The 3D printing process transforms edible pasts, powders and gels, made of ingredients as diverse as chocolate, vegetables or animal proteins, into proper meals. Scientists and chefs have been working together to create visually attractive and nutrient-rich meals.
Digital food can address some of the current food industry’s challenges, such as the ecological sustainability of food production or the nutritional deficiencies in developing nations’ inhabitants.
Yang, F., Zhang, M., & Bhandari, B. (2015). Recent Development in 3D Food Printing Critical Reviews in Food Science and Nutrition DOI: 10.1080/10408398.2015.1094732

Lupton, Deborah and Turner, Bethaney, ‘Both Fascinating and Disturbing’: Consumer Responses to 3D Food Printing and Implications for Food Activism (June 22, 2016). Digital Food Activism, edited by Tanja Schneider, Karin Eli, Catherine Dolan and Stanley Ulijaszek, by Routledge, London, Forthcoming. Available at SSRN:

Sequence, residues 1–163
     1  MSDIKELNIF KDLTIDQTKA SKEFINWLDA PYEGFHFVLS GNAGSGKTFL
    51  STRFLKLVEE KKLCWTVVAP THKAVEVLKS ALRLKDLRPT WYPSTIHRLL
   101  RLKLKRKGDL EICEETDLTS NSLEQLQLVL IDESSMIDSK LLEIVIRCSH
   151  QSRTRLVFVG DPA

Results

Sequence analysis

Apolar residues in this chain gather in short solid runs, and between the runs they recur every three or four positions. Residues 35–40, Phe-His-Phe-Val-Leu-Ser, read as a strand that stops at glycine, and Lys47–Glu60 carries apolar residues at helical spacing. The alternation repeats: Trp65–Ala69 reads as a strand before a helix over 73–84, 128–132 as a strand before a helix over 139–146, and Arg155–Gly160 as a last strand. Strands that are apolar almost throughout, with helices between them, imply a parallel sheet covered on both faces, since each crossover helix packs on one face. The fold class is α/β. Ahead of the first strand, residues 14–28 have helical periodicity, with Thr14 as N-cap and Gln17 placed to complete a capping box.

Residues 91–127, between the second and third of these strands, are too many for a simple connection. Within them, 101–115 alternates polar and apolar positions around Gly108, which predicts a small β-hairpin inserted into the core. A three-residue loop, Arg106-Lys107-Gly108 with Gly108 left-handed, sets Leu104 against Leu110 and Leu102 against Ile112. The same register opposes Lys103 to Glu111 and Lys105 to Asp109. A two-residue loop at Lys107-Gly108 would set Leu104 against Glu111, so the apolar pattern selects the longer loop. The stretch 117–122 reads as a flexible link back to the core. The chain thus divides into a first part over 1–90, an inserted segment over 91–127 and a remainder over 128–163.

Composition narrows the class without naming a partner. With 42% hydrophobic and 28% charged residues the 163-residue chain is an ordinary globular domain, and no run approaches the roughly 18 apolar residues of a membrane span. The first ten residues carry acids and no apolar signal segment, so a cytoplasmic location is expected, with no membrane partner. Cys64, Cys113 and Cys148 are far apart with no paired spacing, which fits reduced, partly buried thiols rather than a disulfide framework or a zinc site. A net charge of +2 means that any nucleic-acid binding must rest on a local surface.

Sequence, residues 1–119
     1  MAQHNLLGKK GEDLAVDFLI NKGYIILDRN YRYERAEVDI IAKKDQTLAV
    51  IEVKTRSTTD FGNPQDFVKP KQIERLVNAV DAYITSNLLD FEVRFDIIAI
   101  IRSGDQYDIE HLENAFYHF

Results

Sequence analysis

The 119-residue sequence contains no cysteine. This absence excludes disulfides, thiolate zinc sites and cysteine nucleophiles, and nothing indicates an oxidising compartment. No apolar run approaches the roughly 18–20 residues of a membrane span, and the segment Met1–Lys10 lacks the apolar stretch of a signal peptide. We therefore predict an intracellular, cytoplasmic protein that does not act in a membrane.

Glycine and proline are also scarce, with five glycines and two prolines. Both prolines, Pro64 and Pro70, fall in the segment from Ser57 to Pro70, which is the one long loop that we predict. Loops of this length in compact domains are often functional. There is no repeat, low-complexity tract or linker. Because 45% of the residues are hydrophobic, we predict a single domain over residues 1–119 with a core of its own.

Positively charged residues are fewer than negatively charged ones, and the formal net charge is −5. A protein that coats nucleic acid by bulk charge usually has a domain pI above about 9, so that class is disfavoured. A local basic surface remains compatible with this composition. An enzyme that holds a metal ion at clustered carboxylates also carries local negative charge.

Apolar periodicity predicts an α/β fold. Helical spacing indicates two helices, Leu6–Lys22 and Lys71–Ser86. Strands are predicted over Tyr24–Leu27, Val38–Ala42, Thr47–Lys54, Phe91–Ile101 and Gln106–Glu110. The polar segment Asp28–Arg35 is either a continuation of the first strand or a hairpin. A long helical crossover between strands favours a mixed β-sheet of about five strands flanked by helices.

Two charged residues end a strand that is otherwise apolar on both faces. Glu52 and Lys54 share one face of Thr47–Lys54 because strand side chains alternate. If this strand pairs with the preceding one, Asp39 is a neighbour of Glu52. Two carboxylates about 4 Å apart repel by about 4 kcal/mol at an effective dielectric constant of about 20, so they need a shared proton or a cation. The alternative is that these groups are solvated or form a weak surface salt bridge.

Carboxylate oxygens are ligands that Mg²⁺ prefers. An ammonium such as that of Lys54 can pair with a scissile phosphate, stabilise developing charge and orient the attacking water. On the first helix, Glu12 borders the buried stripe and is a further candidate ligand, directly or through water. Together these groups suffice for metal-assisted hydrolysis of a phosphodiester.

I joined United Academics team in 2015, during my Master’s degree in Biomedical Sciences, at the VU Amsterdam. By that time, I was starting to realize that, more than planning scientific experiments, I was interested in understanding how science evolved and where it is going. After joining United Academics, it became clearer that open access must be the path for science advancement. In 2016, I became United Academics's editor-in-chief.

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